"A faster generation of MOS devices with low thresholds is riding the crest of the new wave, silicon-gate IC's," Electronics (29 Sept 1969) pp. 88-89.
Faggin, F. and Hoff, M.E. "Standard parts and custom design merge in four-chip processor kit," Electronics (24 April 1972) pp. 112-116.
Altman, Laurence "Single Chip Microprocessors open up a New World of Applications," Electronics (18 April 1974) pp. 81-87.
Noyce, R., and Hoff, M. "A History of Microprocessor Development at Intel," IEEE Micro, Vol. 1, No. 1 (1981) pp. 8-21.
Faggin, F.; Hoff, M.E., Jr.; Mazor, S.; Shima, M. "The history of the 4004," IEEE Micro, Vol. 16, Issue 6 (December 1996) pp. 10-20.
Faggin, F., Shima, M., Hoff, M.E., Feeny, H., Mazor S. "The MCS4 - An LSI micro-computer system," IEEE 1972 Region Six Conference, IEEE Press (1972) pp. 8-11.
Intel MCS-4 Micro Computer Set Data Sheet, 1971 (12 pages).
Augarten, Stan. "The First Microprocessor - 4004," State Of The Art: A Photographic History of the Integrated Circuit, New Haven & New York: Ticknor and Fields, 1983, pp. 30-31.
Malone, Michael S. "The Microprocessor: A Biography," New York: Springer-Verlag TELOS, 1995, pp. 3-20.

Federico Faggin: An Interview Conducted by John Vardalas, IEEE History Center Interview #442, 27 May 2004 [15].
Federico Faggin Oral History, interviewed by Gardner Hendrie (22 Sept 2004, 13 Dec 2004 and 3 March 2005), Computer History Museum Catalog # 102658025 [16].
Ted Hoff and Stan Mazor on their contributions to the Intel 4004, Ted Hoff and Stan Mazor interviewed by David Laws (20 Sept 2006), Computer History Museum Catalog #102657974 [17]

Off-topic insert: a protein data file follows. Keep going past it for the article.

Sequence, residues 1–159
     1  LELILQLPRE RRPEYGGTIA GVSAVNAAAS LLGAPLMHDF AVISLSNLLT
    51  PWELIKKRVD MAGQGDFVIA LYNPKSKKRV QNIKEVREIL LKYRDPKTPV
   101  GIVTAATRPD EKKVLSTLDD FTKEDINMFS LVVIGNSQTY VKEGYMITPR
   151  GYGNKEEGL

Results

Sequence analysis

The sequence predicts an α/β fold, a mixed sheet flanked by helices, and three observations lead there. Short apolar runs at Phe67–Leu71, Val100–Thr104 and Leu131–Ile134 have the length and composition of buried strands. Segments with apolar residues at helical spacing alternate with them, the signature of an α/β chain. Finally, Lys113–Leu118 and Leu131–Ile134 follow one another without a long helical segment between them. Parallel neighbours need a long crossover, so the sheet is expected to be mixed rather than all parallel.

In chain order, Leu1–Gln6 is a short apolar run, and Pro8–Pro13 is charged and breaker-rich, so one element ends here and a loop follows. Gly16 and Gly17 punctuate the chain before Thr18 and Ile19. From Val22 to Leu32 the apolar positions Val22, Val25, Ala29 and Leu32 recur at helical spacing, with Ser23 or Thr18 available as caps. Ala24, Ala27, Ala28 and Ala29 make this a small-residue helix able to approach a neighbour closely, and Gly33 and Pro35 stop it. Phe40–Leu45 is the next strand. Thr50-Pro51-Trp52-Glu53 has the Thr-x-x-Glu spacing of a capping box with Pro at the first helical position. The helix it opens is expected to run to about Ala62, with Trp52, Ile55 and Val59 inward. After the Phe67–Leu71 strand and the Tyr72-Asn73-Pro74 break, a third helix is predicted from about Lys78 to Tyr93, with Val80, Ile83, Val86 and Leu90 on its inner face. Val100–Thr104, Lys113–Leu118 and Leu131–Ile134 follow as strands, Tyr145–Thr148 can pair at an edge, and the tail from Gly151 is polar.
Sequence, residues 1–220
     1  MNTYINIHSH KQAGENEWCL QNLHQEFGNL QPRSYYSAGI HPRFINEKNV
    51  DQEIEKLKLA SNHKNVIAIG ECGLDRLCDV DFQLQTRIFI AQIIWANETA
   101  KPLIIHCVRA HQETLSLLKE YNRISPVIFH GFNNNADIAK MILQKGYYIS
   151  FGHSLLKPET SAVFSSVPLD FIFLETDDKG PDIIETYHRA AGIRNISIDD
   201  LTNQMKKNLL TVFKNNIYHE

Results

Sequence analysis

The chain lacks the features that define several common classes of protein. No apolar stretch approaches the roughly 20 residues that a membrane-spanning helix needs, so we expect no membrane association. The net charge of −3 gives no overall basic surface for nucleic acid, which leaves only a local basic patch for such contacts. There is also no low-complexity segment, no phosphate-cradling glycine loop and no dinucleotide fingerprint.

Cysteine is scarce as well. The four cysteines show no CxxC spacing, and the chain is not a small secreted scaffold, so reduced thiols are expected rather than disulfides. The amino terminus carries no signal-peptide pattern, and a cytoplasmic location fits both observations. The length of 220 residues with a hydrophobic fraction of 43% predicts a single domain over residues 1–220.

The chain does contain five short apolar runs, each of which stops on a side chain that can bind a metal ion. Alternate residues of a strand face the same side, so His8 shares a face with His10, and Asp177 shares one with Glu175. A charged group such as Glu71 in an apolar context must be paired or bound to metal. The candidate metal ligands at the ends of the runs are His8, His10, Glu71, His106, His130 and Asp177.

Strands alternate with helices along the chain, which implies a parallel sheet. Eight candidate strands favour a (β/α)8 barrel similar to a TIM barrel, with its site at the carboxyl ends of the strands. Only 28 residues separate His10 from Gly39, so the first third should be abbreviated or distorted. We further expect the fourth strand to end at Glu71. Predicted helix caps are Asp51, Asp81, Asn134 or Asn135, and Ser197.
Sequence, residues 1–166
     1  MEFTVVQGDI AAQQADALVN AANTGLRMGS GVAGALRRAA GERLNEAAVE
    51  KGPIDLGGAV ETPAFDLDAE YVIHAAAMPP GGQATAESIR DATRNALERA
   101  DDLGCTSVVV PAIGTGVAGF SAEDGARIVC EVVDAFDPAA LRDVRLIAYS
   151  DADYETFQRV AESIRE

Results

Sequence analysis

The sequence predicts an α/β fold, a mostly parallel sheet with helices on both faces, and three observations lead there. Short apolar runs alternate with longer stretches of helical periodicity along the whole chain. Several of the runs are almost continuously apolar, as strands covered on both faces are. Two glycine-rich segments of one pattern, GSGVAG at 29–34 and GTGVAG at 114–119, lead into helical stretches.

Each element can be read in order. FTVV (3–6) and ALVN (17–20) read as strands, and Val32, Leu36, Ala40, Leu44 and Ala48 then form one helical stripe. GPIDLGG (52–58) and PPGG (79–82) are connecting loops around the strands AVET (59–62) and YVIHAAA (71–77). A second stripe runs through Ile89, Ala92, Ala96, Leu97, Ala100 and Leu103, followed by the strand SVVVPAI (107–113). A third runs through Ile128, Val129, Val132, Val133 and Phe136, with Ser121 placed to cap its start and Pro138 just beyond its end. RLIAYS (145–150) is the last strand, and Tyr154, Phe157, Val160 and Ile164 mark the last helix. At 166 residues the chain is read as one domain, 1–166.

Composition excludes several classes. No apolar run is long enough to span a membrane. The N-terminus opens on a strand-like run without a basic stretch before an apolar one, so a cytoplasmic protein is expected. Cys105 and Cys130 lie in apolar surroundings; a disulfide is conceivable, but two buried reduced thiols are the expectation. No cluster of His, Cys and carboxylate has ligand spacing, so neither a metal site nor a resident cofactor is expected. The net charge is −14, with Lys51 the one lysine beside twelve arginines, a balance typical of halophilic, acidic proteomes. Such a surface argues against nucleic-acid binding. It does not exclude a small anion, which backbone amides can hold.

Oral History Panel on the Development and Promotion of the Intel 4004 Microprocessor, Federico Faggin, Hal Feeney, Ted Hoff, Stan Mazor and Masatoshi Shima, interviewed by Dave House, and edited by David Laws (25 April 2007), Computer History Museum Catalog #102658187 [18]

The Designer Behind the First Microprocessor: Federico Faggin [19] (length: 4:19)
Ted Hoff, Inventor of the Microprocessor, Richard Newton Distinguished Innovator Lecture Series, U.C. Berkeley (8 Sept 2009) [20] (length: 48:08)
Intel 4004 Microprocessor 35th Anniversary, Computer History Museum (13 Nov 2006) [21] (length: 1:37:59)

Who Invented the Microprocessor?, David Laws (20 Sept 2018) [22]

The Microprocessor Chronicles: The History of the Microprocessor "The history of the invention of the microprocessors through three and half decades of technological change as told by those that made it happen. Interviews with Dennis Carter, Federico Faggin, John Hennessy, Ted Hoff, Dave House, Stan Mazor, Regis McKenna, Gordon Moore, Jerrt Sanders, Albert Yu," Stanford University Library; Palo Alto, CA, 2005 [23]

Supporting materials (supported formats: GIF, JPEG, PNG, PDF, DOC): All supporting materials must be in English, or if not in English, accompanied by an English translation. You must supply the texts or excerpts themselves, not just the references. For documents that are copyright-encumbered, or which you do not have rights to post, email the documents themselves to Please see the Milestone Program Guidelines for more information.

Please email a jpeg or PDF a letter in English, or with English translation, from the site owner(s) giving permission to place IEEE milestone plaque on the property, and a letter (or forwarded email) from the appropriate Section Chair supporting the Milestone application to with the subject line "Attention: Milestone Administrator." Note that there are multiple texts of the letter depending on whether an IEEE organizational unit other than the section will be paying for the plaque(s).